Pediatric Acute Respiratory Distress Syndrome (ARDS)

Pediatric Acute Respiratory Distress Syndrome (ARDS)

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Summary

Pediatric acute respiratory distress syndrome (ARDS) occurs when fluid fills the lungs due to an infection or injury. This prevents air from filling the lungs effectively and deprives the body of oxygen.

Expanded overview

ARDS most often affects children who are already hospitalized, causing their lungs to become inflamed and fill with fluid. This makes them stiff and unable to properly expand when breathing. Oxygen levels will drop in the bloodstream and compromise the health of other organs. Patients will need a ventilator to breath for them and allow the lungs to heal.

Causes

A direct or indirect source can cause this life-threatening condition.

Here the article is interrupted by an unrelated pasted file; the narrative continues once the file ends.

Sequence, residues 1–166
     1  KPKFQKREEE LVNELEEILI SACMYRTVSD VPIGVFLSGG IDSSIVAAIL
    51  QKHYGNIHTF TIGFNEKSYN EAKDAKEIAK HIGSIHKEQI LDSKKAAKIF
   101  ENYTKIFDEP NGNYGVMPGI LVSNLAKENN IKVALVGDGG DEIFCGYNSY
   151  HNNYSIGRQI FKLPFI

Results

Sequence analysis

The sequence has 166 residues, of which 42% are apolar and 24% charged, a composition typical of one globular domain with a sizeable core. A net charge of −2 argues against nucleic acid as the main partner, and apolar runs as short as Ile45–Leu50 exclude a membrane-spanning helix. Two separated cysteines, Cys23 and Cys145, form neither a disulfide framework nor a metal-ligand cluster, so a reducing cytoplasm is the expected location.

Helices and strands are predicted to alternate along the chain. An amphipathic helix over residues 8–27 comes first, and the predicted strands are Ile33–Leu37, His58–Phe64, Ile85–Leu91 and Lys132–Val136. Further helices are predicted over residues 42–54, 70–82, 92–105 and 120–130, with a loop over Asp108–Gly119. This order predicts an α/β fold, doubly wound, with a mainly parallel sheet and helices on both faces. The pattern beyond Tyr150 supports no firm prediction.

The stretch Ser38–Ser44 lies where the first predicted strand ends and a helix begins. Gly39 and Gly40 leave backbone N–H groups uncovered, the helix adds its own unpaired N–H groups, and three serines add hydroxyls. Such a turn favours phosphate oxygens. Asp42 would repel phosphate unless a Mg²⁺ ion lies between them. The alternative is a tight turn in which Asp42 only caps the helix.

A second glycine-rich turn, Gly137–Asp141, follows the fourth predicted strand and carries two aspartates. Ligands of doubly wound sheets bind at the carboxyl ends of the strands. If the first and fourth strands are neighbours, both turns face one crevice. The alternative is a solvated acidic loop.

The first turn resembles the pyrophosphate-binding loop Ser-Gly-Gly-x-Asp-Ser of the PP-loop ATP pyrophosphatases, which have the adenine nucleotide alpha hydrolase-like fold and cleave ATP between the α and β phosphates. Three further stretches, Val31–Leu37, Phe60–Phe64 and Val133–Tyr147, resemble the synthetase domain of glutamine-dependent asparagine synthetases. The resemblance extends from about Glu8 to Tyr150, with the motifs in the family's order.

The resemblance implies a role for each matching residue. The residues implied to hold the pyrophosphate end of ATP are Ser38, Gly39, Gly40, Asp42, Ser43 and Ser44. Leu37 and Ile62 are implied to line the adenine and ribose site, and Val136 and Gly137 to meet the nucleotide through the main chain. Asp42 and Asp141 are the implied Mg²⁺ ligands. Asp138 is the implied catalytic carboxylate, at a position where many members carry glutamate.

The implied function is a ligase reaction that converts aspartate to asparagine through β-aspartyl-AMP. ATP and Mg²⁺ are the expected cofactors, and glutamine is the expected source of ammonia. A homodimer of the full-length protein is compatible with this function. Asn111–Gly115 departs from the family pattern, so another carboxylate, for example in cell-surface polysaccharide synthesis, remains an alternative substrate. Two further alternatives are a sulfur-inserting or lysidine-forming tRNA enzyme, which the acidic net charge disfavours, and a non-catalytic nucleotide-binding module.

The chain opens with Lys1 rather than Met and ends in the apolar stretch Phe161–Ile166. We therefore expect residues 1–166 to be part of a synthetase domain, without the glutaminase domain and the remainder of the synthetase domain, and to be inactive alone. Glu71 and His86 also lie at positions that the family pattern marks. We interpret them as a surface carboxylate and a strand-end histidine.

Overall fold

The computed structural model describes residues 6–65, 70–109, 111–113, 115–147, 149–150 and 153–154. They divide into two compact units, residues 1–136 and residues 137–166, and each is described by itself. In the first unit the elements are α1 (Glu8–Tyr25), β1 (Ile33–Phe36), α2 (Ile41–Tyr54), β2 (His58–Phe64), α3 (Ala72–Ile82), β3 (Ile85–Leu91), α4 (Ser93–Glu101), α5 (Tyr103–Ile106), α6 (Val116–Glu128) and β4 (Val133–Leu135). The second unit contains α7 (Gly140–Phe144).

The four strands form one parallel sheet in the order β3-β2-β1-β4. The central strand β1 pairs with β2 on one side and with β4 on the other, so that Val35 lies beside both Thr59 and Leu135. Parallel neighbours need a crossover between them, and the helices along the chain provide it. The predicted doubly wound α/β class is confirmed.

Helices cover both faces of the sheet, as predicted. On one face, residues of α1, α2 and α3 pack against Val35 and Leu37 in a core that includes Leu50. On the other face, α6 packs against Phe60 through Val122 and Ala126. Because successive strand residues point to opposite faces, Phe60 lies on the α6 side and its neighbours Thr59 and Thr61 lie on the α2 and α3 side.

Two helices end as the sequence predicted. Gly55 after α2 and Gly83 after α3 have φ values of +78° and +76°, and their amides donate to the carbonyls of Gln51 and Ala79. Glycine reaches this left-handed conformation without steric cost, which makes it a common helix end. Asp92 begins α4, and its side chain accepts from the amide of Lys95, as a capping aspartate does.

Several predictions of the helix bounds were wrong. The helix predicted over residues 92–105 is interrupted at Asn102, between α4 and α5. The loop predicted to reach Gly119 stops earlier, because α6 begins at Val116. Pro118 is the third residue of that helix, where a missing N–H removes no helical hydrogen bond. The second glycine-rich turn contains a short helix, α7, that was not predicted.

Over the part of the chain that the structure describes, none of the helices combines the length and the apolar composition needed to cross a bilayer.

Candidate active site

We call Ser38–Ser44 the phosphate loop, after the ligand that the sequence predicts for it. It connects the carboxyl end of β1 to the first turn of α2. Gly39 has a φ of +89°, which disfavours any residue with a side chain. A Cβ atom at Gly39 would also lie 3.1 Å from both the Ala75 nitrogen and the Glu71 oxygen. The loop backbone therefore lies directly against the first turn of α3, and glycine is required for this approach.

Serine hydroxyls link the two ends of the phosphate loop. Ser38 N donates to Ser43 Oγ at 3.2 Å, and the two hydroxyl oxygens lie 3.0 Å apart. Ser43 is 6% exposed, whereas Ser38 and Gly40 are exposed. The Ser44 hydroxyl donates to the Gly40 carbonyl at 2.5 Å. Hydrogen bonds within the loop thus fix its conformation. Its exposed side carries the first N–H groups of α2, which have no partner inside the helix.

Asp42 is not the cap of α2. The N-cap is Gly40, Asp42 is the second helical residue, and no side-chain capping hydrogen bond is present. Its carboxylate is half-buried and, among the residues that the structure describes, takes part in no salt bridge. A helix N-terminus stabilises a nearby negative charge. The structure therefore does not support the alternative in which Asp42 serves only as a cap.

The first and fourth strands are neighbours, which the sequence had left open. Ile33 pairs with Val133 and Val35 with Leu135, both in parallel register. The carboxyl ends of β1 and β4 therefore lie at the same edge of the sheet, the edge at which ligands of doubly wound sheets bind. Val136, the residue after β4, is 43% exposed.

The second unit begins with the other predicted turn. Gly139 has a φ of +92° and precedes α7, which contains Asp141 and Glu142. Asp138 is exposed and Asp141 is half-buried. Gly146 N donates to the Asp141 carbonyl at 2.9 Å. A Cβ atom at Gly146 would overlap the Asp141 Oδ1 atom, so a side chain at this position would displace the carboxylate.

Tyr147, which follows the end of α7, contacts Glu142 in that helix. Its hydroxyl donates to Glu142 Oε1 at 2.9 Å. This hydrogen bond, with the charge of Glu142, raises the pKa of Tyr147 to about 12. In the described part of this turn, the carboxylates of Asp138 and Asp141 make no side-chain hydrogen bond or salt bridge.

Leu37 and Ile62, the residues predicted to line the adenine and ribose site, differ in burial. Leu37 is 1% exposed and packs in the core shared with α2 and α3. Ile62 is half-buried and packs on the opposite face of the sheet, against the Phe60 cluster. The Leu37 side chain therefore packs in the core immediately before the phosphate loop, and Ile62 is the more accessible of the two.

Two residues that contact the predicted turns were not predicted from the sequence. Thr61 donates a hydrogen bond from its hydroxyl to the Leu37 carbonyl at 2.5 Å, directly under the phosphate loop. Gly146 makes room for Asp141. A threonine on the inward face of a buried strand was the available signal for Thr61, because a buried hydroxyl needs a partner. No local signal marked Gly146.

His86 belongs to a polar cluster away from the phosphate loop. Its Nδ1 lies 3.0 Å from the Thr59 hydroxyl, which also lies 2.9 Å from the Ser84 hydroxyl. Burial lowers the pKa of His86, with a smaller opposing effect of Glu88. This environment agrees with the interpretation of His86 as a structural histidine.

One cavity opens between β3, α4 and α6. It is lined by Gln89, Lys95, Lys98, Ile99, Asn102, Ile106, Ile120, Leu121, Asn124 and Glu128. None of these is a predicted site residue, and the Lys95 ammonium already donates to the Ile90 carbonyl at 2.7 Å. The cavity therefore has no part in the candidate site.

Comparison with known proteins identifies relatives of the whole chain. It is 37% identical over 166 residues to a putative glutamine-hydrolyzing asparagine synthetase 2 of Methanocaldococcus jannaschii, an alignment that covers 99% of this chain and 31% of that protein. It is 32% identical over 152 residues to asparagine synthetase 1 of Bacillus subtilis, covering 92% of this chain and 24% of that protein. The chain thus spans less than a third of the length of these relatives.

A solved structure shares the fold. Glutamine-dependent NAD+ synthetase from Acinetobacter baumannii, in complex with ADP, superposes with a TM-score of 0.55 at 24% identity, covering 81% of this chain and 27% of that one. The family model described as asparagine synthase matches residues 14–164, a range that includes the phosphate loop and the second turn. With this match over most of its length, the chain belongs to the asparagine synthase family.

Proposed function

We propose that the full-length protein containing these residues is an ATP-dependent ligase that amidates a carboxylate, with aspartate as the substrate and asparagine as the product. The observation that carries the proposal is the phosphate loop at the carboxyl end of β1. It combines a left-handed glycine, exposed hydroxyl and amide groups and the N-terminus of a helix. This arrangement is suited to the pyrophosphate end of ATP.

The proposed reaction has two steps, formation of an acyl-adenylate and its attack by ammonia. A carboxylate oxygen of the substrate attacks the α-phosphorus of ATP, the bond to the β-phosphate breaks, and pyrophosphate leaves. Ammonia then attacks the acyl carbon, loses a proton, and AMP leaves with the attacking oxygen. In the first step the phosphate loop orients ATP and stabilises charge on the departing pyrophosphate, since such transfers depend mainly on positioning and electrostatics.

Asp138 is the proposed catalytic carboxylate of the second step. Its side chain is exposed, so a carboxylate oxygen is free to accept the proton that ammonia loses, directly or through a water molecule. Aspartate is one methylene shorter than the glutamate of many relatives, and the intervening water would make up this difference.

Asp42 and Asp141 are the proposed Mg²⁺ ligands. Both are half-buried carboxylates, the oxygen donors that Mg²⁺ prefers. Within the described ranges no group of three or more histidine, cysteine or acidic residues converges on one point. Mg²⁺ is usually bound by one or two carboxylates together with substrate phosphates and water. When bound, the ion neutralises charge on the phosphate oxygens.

Direct

  • Breathing harmful fumes or smoke
  • Chest trauma
  • Inhaling vomit (aspiration)
  • Near drowning
  • Pneumonia

Indirect

  • Blood transfusions
  • Injury that causes low blood pressure
  • Pancreatitis (inflammation of the pancreas)
  • Severe and widespread bacterial infection (sepsis)

Symptoms

Symptoms of pediatric acute respiratory distress syndrome (ARDS) include:

  • Abdominal pain (in pancreatitis)
  • Cough (often with white or pink frothy sputum)
  • Fatigue
  • Fever
  • Shortness of breath

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